Did You Know
Did You Know
PETALING JAYA - The decision not to have Ramadan bazaars, be it physical or virtual, will cost millions in profits for thousands of petty traders.
But instead of whining and complaining, some are taking it in their stride and coming up with alternatives, knowing that the unprecedented move was to curb the spread of the deadly Covid-19 disease.
KL Food Truck Entrepreneurs Association president Muhammad Azlan Abas said some 70 of its food trucks made almost RM1mil over a period of 10 days during last Ramadan.
"Last year near Dataran Merdeka, we had 70 food trucks with 40 Ramadan bazaar lots. We took turns to run the lots and churned out nearly RM1 million (S$326,000) in sales."
Azlan, 39, who runs a fruit shake named Nangka On Wheels and Ohana, suggested that the authorities provide a plot of land where they could park their food trucks for this Ramadan and use riders.
"The authoritative decision now is that we must conduct our business from our homes or premises and use delivery riders," he said.
Azlan, who used to rent bazaar plots in the city before getting a food truck, said Ramadan would bring the biggest profits of the year.
"Kuih sellers can easily rake in RM5,000 a day and those who are selling clothes can make a clean profit of RM200,000 a month in areas where there are many shoppers," he said.
Small trader Helmi Sham of Bandar Baru Bangi, who sells chicken rice at Ramadan bazaars, said he could earn RM1,000 daily throughout Ramadan.
A few kuih sellers in Petaling Jaya, who take up Ramadan bazaar plots every year, said they would now use private e-commerce platforms.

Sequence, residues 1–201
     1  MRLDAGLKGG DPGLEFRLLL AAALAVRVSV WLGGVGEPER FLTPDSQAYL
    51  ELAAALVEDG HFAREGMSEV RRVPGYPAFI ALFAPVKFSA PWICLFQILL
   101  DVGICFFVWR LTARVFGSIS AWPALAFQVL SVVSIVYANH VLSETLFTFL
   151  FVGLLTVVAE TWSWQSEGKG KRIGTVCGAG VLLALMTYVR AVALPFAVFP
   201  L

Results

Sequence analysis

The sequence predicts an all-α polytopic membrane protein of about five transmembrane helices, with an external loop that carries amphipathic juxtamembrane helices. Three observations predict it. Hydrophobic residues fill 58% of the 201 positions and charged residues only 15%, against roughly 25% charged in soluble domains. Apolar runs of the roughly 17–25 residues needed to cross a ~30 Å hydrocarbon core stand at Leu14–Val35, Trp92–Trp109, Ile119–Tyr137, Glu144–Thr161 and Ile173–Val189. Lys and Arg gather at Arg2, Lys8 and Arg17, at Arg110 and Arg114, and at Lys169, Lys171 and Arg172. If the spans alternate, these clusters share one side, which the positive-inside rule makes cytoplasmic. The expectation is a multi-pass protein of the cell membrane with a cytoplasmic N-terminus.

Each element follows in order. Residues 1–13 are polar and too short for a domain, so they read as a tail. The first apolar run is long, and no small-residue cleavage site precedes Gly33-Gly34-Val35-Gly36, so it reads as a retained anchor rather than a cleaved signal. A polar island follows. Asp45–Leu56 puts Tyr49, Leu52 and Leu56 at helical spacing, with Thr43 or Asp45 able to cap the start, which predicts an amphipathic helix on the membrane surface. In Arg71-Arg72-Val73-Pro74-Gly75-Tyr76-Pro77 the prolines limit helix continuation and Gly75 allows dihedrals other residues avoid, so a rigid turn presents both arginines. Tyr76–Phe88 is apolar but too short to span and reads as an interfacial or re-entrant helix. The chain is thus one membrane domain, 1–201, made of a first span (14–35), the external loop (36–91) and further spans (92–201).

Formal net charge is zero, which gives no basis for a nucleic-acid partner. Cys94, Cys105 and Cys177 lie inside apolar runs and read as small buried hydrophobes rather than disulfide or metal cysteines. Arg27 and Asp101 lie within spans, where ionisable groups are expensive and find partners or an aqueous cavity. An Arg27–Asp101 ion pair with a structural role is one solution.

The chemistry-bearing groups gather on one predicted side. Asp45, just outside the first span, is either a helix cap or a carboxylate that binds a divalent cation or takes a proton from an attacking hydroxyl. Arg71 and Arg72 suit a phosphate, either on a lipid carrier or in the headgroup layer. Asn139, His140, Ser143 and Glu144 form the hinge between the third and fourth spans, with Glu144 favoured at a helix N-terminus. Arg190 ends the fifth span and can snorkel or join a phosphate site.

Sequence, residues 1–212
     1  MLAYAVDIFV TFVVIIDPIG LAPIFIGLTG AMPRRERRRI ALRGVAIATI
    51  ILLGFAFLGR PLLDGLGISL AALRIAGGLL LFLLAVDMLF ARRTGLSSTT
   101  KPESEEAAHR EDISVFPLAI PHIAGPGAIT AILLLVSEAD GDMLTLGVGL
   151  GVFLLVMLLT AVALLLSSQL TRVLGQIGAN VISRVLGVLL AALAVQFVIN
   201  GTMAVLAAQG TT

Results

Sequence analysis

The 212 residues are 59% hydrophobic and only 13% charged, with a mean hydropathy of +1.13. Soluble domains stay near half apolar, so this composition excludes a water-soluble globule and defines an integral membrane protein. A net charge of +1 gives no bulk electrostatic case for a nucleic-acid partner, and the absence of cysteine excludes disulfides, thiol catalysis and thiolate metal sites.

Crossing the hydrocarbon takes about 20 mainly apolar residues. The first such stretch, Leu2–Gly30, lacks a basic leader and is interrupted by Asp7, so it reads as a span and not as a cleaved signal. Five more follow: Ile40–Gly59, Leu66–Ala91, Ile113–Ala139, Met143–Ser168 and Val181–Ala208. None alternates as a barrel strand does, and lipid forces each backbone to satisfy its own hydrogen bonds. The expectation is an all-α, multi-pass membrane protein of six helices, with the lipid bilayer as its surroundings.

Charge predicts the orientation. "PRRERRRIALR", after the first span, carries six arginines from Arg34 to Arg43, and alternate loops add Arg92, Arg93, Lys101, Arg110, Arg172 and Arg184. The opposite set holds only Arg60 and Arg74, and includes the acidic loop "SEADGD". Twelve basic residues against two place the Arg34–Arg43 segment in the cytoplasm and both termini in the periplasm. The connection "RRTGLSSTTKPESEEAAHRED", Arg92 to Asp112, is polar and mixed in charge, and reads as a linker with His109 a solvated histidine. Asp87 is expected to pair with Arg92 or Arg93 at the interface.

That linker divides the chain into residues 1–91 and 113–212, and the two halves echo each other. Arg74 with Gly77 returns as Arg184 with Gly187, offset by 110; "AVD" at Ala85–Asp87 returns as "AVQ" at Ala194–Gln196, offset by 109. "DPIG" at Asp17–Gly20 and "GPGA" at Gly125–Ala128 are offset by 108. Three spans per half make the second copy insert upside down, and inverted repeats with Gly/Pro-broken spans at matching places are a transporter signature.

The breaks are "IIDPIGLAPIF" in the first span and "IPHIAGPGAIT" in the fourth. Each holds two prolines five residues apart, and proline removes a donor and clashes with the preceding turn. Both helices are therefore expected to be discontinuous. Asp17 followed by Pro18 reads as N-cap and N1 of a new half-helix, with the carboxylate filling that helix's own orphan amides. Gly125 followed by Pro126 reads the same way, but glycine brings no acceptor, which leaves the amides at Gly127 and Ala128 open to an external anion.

Nasi Ayam Lapopey seller Zainal Bojet from Kuching said one had to be positive in conducting business.
"Just because there is no Ramadan bazaar does not mean that we can't sell.
"We can run our business online and use the e-commerce platforms such as Helpy's Bazaar Ramadan Online in small towns to sell our products," said Zainal in a short video message.
Federal Territories Bumiputra Traders and Petty Traders Association of Malaysia president Datuk Seri Rosli Sulaiman said most of their members had accepted the fact that there would be no Ramadan bazaars this year.
"It is something that we have foreseen. Can you imagine the queue because customers have to practise social distancing?
"As much as we want profits during Ramadan, most of our members are of the opinion that it is not worth the risk, even in e-hailing.
"Ideas such as pack and pick, and drive-through are just not feasible in this pandemic situation.
"For example, there is a very high risk of contracting the disease when so many riders gather together," Rosli said, adding that they had informed Kuala Lumpur City Hall to carry forward the amount paid to next year.
Nur Iswandy Yakop, a private e-commerce platform Helpy founder with 10 Bazaar Ramadan online for towns nationwide, said he hoped the authorities would list down the guidelines on the pick-up of food sold from home vendors to customers during Ramadan.